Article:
The Second Bulletin:  Relief for Hospitals

Effective March 15, certain hospitals will not be subject to penalty or sanction under HIPAA if they fail to comply with the following HIPAA requirements:

  • obtaining a patient’s agreement to speak with family members or friends involved in the patient’s care. See 45 CFR 164.510(b).
  • honoring a request to opt out of the facility directory. See 45 CFR 164.510(a).
  • distributing a notice of privacy practices. See 45 CFR 164.520.
  • addressing a patient’s request for privacy restrictions. See 45 CFR 164.522(a).
  • addressing a patient’s request for confidential communications. See 45 CFR 164.522(b).

This waiver is limited in scope and duration.  It extends only to hospitals that have instituted a disaster protocol and that are located in an emergency area identified in the HHS Secretary’s January 31, 2020 public health emergency declaration.  The waiver extends only up to 72 hours from the time a hospital implements its disaster protocol.

The Announcement:  Relief for Telemedicine Providers

Effective March 17, OCR will not impose penalties on telemedicine providers who, in good faith, communicate with patients through any non-public facing communication product.  The policy applies to video and audio products and to communications about all telemedicine issues, not only issues pertaining to COVID-19.  Thus, a provider could video chat with a patient about a sprained ankle on Apple FaceTime, Facebook Messenger video chats, Google Hangouts video, Skype, or a similar service.  Providers should enable all available encryption and privacy modes when using these applications and are encouraged to notify patients of that the use of such applications introduce certain privacy risks.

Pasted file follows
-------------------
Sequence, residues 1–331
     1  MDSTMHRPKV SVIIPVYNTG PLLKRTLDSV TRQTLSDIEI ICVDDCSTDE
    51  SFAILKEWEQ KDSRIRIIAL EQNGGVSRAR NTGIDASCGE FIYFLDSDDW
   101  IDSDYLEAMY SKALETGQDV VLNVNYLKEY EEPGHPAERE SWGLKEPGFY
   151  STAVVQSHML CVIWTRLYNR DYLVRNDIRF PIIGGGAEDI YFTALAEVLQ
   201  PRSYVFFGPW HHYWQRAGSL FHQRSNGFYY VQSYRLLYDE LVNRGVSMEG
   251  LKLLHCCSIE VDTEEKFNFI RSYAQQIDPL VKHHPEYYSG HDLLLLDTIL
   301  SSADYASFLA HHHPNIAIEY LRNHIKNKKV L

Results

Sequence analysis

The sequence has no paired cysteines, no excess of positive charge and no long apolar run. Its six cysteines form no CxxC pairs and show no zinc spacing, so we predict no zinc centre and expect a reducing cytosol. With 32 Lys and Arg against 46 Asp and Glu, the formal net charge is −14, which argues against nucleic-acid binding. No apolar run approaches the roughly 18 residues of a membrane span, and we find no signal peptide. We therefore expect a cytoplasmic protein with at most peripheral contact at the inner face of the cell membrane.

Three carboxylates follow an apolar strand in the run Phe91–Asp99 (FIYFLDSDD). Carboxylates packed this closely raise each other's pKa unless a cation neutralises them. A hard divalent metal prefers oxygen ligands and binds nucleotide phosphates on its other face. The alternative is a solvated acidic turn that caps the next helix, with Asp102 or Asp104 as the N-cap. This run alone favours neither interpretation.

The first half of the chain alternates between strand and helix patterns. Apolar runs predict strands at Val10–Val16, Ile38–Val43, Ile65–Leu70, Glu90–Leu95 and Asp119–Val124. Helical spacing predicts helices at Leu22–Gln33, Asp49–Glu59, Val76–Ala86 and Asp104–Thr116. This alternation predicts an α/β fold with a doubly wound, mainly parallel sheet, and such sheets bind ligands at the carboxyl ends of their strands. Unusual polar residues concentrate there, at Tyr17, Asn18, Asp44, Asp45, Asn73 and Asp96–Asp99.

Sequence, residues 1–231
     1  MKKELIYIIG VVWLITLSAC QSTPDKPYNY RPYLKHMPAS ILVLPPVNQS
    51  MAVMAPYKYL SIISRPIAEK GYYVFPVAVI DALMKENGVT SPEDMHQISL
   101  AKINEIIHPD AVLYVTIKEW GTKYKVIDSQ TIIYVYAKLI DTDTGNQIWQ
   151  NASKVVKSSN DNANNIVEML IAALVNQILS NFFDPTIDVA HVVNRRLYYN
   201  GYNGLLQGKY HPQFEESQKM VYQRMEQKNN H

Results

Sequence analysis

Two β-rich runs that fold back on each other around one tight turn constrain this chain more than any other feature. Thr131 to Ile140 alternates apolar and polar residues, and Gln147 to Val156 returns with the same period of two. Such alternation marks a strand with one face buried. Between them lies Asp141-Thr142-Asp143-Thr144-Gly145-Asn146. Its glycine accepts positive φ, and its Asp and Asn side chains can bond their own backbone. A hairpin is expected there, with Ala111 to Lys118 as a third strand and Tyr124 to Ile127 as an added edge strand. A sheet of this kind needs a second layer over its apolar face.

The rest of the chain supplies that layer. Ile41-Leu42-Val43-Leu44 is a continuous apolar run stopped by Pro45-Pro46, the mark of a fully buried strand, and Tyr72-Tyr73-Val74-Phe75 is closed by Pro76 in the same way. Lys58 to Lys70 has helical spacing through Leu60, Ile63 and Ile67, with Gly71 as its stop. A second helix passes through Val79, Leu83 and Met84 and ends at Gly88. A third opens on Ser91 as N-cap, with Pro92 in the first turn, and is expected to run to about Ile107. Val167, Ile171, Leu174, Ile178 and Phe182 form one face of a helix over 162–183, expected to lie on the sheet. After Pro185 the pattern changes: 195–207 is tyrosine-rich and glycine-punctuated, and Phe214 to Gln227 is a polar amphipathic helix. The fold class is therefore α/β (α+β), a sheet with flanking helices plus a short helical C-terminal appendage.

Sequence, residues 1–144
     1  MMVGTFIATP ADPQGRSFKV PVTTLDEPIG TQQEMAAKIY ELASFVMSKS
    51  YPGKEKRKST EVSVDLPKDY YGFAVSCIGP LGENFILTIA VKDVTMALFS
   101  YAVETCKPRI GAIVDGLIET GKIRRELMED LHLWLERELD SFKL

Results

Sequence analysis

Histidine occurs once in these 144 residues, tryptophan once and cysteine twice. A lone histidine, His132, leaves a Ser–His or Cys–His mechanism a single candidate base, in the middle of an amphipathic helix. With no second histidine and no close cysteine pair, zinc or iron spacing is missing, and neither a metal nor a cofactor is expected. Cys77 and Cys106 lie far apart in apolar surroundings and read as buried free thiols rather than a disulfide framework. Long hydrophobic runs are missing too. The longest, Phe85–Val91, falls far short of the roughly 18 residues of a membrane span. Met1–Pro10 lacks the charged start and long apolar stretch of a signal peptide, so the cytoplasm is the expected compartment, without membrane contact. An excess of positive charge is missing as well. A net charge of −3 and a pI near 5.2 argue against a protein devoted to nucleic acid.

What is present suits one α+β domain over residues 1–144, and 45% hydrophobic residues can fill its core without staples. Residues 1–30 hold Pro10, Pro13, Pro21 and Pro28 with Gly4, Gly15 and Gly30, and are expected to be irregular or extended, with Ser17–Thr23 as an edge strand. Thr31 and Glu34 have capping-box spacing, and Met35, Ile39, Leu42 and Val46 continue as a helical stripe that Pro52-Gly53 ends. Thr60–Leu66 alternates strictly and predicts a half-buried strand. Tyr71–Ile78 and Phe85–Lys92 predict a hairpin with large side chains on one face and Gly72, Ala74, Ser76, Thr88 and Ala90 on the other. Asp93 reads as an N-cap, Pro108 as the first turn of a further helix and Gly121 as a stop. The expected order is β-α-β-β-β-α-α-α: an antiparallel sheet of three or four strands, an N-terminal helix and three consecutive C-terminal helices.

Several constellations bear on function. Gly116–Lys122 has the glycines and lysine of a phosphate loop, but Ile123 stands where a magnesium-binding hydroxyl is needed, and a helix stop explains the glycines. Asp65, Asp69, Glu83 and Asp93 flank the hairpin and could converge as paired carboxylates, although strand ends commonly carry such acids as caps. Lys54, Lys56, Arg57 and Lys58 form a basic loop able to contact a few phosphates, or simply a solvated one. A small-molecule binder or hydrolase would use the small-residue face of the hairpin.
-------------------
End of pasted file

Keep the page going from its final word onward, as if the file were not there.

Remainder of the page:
The relief does not extend to public facing applications, such as Facebook.

Providers may seek out services that aim to be HIPAA-compliant from vendors that will enter into business associate agreements.  However, OCR will not impose penalties for “the lack of a BAA with video communication vendors or any other noncompliance with the HIPAA Rules that relates to the good faith provision of telehealth services during the COVID-19 nationwide public health emergency.”


Absent a specific exception, individuals and entities that are subject to HIPAA must comply with its privacy and security requirements.  Those requirements include provisions that allow for the proper use and disclosure of protected health information in a number of ways relevant to the current public health emergency.  OCR has provided enforcement relief to telemedicine providers and certain hospitals for a limited range of HIPAA violations.  Covered entities and business associates under HIPAA should watch for additional guidance, and should be mindful that the current state of emergency will end at some, as yet undefined, date in the future and with it, the specific relief offered by OCR will also likely end.